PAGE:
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Sagar Sampada to study impact of tsunami

By K.S. Sudhi

KOCHI, JAN. 4. Sagar Sampada, the country's scientific research vessel, is to go on a 15-day-long trip along the eastern and western coast to assess the impact of the tsunami disaster.

The expedition, coordinated and facilitated by the Centre for Marine Living Resources and Ecology (CMLRE) of the Department of Ocean Development (DOD), is perhaps the first scientific study of marine resources and the impact of the tsunami attack to be done.

The vessel that will set sail tomorrow evening from the Kochi harbour had just returned from Colombo a day before the tsunami struck the island. It had undergone major repairs there. The office space allotted for the scientists and crew at the Colombo dockyard was also inundated during the tsunami attack.

The team of 12 researchers led by R. Damodaran, former Dean of the Department of Marine Sciences of the Cochin University of Science and Technology (Cusat), will undertake studies to examine the impact of the tsunami on the sea floor and its resources and hydrographic characters of the sea including dissolved oxygen content, turbidity, salinity and nutrients.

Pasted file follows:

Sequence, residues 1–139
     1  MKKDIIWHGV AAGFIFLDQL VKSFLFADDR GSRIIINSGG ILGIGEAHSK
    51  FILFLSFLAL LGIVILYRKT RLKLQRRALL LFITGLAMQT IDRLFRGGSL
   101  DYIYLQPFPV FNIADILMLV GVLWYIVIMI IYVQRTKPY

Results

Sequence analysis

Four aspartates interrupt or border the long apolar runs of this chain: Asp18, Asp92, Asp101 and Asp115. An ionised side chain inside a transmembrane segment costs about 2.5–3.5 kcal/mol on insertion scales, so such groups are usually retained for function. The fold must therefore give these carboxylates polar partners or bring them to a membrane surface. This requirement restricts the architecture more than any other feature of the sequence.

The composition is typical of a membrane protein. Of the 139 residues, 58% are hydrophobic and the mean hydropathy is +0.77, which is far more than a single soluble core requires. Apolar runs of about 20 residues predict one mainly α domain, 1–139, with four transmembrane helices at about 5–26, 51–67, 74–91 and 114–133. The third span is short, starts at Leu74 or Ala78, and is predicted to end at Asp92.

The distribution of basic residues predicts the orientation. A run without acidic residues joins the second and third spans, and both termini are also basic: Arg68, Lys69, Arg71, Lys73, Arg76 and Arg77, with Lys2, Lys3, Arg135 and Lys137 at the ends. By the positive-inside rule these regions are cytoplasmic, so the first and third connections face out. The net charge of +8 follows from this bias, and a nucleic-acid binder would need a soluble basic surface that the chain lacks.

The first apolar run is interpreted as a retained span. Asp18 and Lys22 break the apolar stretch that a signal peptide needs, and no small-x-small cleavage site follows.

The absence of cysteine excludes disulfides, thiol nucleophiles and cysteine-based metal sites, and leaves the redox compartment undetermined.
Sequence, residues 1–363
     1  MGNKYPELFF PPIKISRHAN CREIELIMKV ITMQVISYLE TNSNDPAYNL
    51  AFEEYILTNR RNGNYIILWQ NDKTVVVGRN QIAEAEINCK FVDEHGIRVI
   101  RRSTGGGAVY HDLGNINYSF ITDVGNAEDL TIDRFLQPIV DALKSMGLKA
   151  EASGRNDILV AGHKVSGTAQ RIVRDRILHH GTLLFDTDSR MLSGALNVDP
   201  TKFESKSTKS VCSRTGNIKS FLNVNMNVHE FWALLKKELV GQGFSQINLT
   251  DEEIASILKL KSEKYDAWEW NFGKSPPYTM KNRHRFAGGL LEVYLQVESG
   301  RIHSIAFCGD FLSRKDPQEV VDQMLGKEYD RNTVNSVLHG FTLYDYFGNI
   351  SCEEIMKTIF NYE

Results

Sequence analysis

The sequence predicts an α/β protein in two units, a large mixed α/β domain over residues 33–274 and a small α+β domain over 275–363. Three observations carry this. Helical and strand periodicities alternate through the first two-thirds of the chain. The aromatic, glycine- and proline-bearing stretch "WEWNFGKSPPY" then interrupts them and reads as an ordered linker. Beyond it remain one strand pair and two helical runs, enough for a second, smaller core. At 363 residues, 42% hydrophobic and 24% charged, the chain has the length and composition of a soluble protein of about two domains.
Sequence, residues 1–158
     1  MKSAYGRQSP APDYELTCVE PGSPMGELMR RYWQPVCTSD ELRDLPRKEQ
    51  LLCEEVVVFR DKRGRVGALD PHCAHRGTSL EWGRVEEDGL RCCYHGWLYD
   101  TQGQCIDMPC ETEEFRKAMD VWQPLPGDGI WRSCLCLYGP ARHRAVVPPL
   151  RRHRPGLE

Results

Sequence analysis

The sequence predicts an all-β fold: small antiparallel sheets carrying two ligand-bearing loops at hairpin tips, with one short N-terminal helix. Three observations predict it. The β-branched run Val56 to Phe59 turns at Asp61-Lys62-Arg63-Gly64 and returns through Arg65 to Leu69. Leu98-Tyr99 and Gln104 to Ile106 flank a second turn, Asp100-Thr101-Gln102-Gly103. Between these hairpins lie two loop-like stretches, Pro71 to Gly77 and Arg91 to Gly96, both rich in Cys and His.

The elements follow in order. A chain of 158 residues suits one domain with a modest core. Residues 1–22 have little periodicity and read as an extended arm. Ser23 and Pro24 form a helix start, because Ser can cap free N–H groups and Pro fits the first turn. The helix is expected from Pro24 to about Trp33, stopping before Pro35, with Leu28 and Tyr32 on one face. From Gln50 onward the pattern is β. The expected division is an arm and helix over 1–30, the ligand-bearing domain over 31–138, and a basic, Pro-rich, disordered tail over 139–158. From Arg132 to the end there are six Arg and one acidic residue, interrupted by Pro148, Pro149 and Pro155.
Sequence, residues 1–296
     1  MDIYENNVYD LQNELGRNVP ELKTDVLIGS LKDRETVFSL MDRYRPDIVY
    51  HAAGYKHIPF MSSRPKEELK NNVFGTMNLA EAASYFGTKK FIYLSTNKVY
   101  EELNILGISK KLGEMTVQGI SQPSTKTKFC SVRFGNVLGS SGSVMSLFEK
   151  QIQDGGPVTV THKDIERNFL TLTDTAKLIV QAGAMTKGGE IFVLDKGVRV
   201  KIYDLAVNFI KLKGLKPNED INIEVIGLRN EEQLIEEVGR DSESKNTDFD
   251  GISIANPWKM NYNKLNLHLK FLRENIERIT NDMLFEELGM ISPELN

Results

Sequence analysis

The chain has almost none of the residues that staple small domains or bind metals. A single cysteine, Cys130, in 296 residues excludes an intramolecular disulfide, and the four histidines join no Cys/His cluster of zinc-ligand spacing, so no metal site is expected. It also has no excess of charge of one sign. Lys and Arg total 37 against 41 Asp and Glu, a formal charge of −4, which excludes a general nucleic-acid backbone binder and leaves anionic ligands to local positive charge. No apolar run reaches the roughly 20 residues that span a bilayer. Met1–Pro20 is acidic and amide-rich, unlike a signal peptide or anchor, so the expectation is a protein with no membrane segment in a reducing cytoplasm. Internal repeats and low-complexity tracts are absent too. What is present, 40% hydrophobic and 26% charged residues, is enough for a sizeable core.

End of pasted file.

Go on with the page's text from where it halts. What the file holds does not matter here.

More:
Along the western coast, samples would be collected off Kozhikode, Kochi, Kollam, Thiruvananthapuram and Kanyakumari. On the eastern coast, Nagapattinam, Cuddalore, Chennai, Krishnapattinam and Kavali would be covered, said Ravindranath, advisor to the DOD.

Dr. Damodaran said the scientists would collect benthic organisms and sediment samples and check hydrographic parameters at these stations to be compared with the data generated from the earlier DOD-funded study on benthic community and shelf water along the Exclusive Economic Zone of the country.

Two cruises

He said that during the earlier study, the vessel had made two trips each along the eastern and western coasts between 1998 and 2001 as part of the first systematic study along the Indian shelf waters. The data generated from the earlier rounds would be treated as the benchmark data to assess the impact of the tsunami on the sea floor and the living resources there, he said.

Scientists from the CMLRE, Cusat, the National Institute of Oceanography (NIO) and the Andhra and Annamalai Universities would take part in the expedition. Scientists on board Sagar Sampada would collect samples from the ocean floor from depths ranging from 30 metres to 200 m to assess the possible quantitative and qualitative impact of the tsunami attack on the sea floor and living organisms, Dr. Damodaran said.

The scientists of the NIO will focus on collecting data from near-shore areas separately, with hired boats, as the Sagar Sampada cannot go to shallow waters. No study on the impact of the tsunami will be complete without the data from beaches, where large quantities of sediments were deposited by the waves, said Mr. Ravindranath. It would be ideal for the universities located at the coastal belt to conduct such a study, he said.

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